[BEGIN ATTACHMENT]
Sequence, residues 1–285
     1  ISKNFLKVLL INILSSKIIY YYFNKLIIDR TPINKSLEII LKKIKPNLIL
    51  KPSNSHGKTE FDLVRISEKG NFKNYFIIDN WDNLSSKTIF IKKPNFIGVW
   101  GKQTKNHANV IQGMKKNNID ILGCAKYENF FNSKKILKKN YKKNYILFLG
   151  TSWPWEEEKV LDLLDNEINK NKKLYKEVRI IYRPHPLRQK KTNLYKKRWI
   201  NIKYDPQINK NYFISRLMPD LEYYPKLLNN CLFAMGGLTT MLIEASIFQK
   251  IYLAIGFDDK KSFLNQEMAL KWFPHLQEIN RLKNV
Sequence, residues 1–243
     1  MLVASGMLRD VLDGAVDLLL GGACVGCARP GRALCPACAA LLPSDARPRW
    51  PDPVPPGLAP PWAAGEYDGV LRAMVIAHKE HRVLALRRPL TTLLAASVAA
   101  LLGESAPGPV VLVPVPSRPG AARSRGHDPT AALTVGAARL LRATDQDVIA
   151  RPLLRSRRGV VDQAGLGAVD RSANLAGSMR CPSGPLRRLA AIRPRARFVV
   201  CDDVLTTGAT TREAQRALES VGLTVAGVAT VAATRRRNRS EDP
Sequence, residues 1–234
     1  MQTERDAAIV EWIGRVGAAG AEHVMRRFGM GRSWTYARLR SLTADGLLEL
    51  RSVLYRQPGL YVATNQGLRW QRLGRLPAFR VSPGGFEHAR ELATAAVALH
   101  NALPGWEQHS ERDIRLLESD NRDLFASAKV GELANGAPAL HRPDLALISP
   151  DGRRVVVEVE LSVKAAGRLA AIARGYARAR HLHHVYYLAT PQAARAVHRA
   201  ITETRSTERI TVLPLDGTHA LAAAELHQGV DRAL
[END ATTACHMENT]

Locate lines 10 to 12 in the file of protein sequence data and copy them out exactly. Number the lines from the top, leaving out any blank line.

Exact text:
    51  PDPVPPGLAP PWAAGEYDGV LRAMVIAHKE HRVLALRRPL TTLLAASVAA
   101  LLGESAPGPV VLVPVPSRPG AARSRGHDPT AALTVGAARL LRATDQDVIA
   151  RPLLRSRRGV VDQAGLGAVD RSANLAGSMR CPSGPLRRLA AIRPRARFVV